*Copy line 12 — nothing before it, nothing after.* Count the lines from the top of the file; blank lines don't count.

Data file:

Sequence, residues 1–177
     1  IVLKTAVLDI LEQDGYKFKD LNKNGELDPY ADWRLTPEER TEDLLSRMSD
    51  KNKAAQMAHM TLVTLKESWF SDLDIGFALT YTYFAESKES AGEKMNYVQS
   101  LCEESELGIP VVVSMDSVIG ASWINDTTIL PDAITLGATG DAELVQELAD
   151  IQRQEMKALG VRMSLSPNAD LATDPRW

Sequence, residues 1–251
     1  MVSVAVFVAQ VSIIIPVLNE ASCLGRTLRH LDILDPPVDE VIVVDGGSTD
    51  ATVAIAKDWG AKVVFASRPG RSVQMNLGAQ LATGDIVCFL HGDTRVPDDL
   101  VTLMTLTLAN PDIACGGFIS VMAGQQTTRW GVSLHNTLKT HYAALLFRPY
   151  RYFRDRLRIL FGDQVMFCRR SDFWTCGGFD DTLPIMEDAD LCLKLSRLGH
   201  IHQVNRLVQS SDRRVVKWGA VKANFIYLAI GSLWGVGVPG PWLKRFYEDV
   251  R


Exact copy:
   251  R